Acrimoniously splitting from manager Don Arden, the band made an inspired move when they signed to Andrew Loog Oldham's Immediate stable in February 1967. Oldham saw Marriott/Lane as the obvious replacements for the Jagger/Richard songwriting team that had thus far helped afford the fledgling record label its insouciant cool (and big hits). Liberated by the move to their new independent confines, the band could now completely spread their wings; releasing a well-received, accomplished first LP (again entitled “Small Faces”) for Immediate in June 1967, also finding the time to reflect that summer’s psychedelic reverberations two months later via non-album Top 3 hit single, “Itchycoo Park,” before finally blasting it out of the park in December 1967 with the astonishing single “Tin Soldier,” their first collaboration with newly-signed Immediate label mate P.P. Arnold.
The band was at something of a strange juncture as they entered Olympic Studios, London with engineer Glyn Johns in late-1967 to commence the recording of their third long-player. The credibility afforded 'rock' acts as opposed to those considered mere 'pop' was still of crucial importance at this time in British music history and, having already achieved four UK Top 10 singles in 1966 (including a No.1 hit with the mighty “All Or Nothing”) plus three Top 10 singles in the first few months of 1967, the pressure was now somewhat on to make that leap to timeless authenticity by delivering a truly great album.
To add to the pressure, Immediate Records was suffering cash flow problems, inter-band relationships had become strained following a period of extensive overseas touring with The Who and the band's frontman Steve Marriott was constantly questioning the group's place in the musical firmament.
The decision was made to stop touring and give the band time to write a bigger record - the four musicians spent February 1968 working up tracks on three different boats cruising up and down the Thames, studio time was unlimited and the band members also took the opportunity to relocate to the countryside from the inner city, a new domestic scene perfectly captured in Andrew Loog Oldham's choice of first single from the forthcoming album, “Lazy Sunday” (Steve Marriott had wanted to release the heavier “Song Of A Baker” with “Lazy Sunday” as the B-side, but Loog Oldham stuck to his guns). Having rowed with a member of The Hollies, both accusing the other of never singing in their own natural accents, Marriott quite deliberately ramped up his vocal cockney tones on the single which reached No.2 on its release in April 1968.
“One of the great English rock LPs” - Mojo
The Small Faces' third studio album, “Ogdens’ Nut Gone Flake,” was released by Immediate on 26th May 1968, soon sitting pretty atop the UK Album Chart where it enjoyed a six week reign at No.1 that summer. The LP was housed on its original release in a round circular sleeve featuring a replica of the Thomas Ogden metal tobacco tin that inspired the album’s title. “Ogdens’’ was a proper game-changer - a brave British psychedelic rock statement that oozed jaw-dropping rock, soul and R'n'B, played by four remarkable young musicians completely at the top of their game.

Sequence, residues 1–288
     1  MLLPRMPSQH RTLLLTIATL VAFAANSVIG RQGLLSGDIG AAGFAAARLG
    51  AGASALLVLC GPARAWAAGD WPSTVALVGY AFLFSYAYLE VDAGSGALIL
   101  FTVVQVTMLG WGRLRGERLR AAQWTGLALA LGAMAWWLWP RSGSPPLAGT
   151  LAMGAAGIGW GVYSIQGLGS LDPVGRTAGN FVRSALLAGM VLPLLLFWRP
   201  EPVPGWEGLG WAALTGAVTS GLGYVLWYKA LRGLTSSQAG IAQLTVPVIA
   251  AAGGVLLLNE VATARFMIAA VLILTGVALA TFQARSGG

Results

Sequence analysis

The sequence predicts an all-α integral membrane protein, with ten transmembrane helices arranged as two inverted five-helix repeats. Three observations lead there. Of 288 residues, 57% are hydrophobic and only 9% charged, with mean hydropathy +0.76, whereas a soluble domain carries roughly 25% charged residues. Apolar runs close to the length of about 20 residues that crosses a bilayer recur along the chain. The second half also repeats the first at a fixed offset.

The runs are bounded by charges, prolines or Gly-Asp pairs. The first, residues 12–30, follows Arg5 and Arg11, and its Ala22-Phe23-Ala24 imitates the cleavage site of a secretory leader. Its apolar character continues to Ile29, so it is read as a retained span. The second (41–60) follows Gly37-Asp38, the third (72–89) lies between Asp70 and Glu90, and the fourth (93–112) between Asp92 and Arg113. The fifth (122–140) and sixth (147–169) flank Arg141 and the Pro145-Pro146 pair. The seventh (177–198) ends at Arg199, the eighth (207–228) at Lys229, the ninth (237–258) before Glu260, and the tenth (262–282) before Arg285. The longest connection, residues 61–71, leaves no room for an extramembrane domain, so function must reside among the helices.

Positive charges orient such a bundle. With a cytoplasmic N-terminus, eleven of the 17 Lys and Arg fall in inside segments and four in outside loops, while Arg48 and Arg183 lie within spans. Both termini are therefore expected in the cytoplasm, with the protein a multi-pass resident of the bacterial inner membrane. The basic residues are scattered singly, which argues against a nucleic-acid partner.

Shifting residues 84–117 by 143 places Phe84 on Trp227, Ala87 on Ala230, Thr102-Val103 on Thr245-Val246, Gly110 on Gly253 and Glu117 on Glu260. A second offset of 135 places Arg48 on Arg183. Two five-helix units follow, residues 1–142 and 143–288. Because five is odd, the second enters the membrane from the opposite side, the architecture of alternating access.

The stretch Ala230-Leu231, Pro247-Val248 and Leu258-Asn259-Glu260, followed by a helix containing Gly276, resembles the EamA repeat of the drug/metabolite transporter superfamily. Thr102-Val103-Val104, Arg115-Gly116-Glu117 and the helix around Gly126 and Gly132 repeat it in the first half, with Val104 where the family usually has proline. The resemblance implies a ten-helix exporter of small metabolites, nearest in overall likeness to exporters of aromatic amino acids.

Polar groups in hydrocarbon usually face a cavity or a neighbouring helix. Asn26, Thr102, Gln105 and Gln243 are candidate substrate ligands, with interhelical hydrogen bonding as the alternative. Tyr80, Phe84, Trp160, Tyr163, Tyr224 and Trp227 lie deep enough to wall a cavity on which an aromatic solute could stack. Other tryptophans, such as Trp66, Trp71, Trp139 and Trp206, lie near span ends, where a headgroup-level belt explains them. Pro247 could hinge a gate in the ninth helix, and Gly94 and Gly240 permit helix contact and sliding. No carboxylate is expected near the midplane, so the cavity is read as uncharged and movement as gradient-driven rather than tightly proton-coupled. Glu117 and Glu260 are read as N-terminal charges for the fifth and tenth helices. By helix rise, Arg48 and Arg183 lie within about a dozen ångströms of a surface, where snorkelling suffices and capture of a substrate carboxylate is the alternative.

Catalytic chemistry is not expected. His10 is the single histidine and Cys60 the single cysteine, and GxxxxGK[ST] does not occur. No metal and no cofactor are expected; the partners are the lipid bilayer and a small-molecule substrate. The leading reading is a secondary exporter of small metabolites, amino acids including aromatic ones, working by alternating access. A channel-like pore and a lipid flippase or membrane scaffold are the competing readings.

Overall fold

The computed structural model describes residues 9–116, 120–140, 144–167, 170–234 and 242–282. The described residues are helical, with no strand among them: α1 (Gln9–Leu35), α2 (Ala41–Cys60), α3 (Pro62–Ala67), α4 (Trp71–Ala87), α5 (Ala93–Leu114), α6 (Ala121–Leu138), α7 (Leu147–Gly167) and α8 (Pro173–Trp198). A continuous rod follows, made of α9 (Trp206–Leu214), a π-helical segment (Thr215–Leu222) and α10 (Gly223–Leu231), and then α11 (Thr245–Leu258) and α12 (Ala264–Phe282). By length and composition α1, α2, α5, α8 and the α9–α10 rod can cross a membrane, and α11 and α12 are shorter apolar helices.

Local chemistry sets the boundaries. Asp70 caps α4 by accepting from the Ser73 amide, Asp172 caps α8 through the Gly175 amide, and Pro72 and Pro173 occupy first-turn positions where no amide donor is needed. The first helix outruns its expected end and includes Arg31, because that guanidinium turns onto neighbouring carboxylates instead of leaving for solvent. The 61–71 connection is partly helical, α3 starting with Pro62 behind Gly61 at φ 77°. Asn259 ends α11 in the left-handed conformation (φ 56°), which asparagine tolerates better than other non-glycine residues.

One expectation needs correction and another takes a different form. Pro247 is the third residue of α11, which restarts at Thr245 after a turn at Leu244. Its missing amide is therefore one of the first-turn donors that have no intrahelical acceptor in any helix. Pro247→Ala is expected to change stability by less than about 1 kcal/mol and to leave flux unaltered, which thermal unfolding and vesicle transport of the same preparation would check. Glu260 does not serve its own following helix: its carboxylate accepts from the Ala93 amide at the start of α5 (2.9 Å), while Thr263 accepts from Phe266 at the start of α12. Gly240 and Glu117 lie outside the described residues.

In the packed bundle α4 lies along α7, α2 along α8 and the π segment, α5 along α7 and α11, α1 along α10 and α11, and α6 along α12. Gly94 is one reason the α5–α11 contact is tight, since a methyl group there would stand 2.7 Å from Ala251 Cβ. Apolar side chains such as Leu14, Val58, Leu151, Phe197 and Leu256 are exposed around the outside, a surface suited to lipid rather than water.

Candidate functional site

Whilst side one dazzled with the sheer power of Ronnie Lane's “Song Of A Baker” and the heavy soul of Marriott's “Afterglow” (belatedly reworked into the band's final official studio single, “Afterglow Of Your Love”) plus a liberal dash of Cockney knees-up on aforementioned first single “Lazy Sunday” and “Rene,” the LP's second side premiered the band's six-song fairytale of Happiness Stan and his quest to find the missing section of the crescent moon, the six track cycle linked via narration by comedian Stanley Unwin, his words suitably twisted into odd shapes via his unique, surreal 'Unwinese' linguistics.
“Ogdens' Nut Gone Flake” was the landmark album that the Small Faces had always threatened to make - both a critical and commercial highpoint and one that would finally afford them the real rock credibility that had thus far slightly eluded them. The album's whole was something truly psychedelic and new - at times almost childlike in its innocence, but at the same time infused with the band members' complex emotions and already slightly world-weary experiences. It seems incredible that this was a group a mere three years away from its humble beginnings in the sweaty East End pubs & R'n'B clubs of its birth.
A major influence on acts such as Led Zeppelin, Sex Pistols, The Jam, Blur and Oasis and almost universally acclaimed on its initial release in May 1968, “Ogdens' Nut Gone Flake” has gone on to appear in countless best album polls (it was voted #59 in Q Magazine’s Top 100 Greatest British Albums Ever poll in 2000 and was voted into Mojo’s Hall Of Fame) whilst The Guardian more recently described the album as, “A groundbreaker.”
In addition to these new 50th Anniversary deluxe editions of “Ogdens' Nut Gone Flake” on 26th October 2018, surviving band member Kenney Jones has also recently published an acclaimed autobiography, “Let The Good Times Roll,” via Blink Publishing, writing extensively about his time drumming with the Small Faces, the Faces and The Who (amongst others), speaking openly about his own personal cancer battle and his continued work to raise awareness via the Prostate Cancer UK charity and his own Rock 'n' Horsepower charity events.
ALL ALBUM FORMATS NOW AVAILABLE TO ORDER HERE: http://smarturl.it/ImmediateStore